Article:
The Double illustrates Dostoevsky's uncanny ability at capturing the complexity of human emotion, especially the darker side of the human psyche.
(P)2009 Blackstone Audio, Inc.
"Not one of the author's better-known works, this 1846 novel introduces Golyadkin, a man who one day meets his exact double....Golyadkin's happy life spirals downward into paranoia and neurosis as his friends begin to abandon him for the doppelganger." (Library Journal)
A nightmare: Mr Goliadkin, a Russian bureaucrat, finds his life falling apart, and to make matters worse, someone who looks exactly like him, and has the same name, shows up and appears to be conspiring against him. Things do not end well for Mr Goliadkin.
I can't think of anything else I've read by Dostoevsky where the narrator had such a loose grip on reality. The action is presented from Goliadkin's point of view, and it's hard to tell when he's seeing something for real and when he's hallucinating. The prose itself, with its repetitions of key words, especially proper names, begins to have a hallucinatory quality. Goliadkin slides into full-blown paranoia, and at times he takes us with him.
Richard Pevar, in the introduction to his translation of the book - not the one used here - says two things about it that seem wrong to me. He says that Goliadkin isn't an example of "the abnormal and pathological," but an attempt on Dostoevsky's part to explore a "normal human soul, but by means of an extreme case and a bold device." And he says that Dostoevsky came back to this theme later, with greater artistry, in "Notes from the Underground." For this non-expert reader, it's hard to see any other interpretation Goliadkin's ruminations but a gradually worsening schizophrenia; and the narrator of "Underground," as compulsively self-conscious as he is, doesn't seem quite so unhinged.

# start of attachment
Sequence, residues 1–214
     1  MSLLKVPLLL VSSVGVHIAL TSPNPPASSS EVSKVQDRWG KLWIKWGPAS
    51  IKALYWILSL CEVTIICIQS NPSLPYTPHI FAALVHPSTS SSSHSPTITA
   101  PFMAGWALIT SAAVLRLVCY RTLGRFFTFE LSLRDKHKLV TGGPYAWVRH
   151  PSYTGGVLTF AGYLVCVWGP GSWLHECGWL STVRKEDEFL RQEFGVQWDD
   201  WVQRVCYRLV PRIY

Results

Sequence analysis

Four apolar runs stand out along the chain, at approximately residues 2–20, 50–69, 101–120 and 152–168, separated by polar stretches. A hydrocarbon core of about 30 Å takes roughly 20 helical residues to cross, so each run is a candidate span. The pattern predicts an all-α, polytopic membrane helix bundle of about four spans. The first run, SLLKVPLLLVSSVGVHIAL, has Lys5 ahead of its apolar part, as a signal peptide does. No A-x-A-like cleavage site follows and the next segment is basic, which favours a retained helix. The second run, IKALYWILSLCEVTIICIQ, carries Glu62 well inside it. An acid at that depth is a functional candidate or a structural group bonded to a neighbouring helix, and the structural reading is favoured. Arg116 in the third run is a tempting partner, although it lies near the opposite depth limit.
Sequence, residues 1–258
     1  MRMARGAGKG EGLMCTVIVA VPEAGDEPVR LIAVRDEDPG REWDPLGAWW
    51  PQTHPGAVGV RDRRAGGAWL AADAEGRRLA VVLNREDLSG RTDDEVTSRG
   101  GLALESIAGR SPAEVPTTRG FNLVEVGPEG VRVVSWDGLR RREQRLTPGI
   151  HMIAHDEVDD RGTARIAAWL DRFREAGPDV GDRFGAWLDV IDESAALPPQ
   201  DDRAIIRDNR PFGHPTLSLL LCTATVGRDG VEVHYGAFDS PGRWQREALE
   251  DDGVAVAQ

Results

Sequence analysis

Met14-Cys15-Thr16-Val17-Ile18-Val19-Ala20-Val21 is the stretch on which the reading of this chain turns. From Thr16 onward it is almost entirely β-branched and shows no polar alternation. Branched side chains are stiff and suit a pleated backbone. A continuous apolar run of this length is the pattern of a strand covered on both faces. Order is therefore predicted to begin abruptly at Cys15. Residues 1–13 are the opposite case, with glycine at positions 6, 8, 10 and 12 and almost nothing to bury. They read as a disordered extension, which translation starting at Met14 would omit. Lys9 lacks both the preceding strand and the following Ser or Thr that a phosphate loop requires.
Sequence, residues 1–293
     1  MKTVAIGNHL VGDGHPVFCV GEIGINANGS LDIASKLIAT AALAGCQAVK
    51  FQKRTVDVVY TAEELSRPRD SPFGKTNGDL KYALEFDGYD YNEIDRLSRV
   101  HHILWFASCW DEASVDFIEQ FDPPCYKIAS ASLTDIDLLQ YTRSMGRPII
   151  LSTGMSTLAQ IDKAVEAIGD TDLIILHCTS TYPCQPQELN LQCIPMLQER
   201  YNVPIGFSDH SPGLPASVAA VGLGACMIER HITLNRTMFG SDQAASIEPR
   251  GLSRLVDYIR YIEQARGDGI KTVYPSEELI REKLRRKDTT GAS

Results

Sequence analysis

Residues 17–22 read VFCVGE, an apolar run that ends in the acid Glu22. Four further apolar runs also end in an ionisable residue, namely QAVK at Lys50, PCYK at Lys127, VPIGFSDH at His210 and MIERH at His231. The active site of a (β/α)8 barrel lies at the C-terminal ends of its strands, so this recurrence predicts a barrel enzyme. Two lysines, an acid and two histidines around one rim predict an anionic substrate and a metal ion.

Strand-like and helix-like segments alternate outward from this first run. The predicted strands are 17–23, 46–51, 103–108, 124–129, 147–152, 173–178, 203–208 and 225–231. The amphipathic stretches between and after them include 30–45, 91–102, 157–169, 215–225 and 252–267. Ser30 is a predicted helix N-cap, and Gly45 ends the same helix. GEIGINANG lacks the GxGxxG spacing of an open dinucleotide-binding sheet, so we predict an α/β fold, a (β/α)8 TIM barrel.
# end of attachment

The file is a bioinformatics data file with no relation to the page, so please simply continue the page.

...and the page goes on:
Like many of Dostoevsky's characters, Goliadkin combines a paralyzing and suffocating self-consciousness with an appalling lack of self-awareness.
Stefan Rudnicki gives a powerful reading, conveying Goliadkin's desperation and paranoia with real anguish. And he also conveys the repetitive rhythms of the prose without overemphasizing them. Probably the best thing I could say about him is that my cat purrs when Rudnicki is on the speaker.
This is the first audiobook that has disappointed me so I'm not too upset about my track record. Afterall, I did listen to the sample piece to make sure it would be to my liking and the selection was apparently interesting because I went for it. Stefan Rudnicki has a great voice but the story/content was all over the place. It felt like tuning in was almost painful - honestly it was the longest 6+ hours ever and I still don't know what the book was about nor do I care to know so if there are any fans out there you can save the explanation. I don't want to rag on the book but I wish someone else had left a review and I would have passed this one by.
There are no listener reviews for this title yet.
Report Inappropriate Content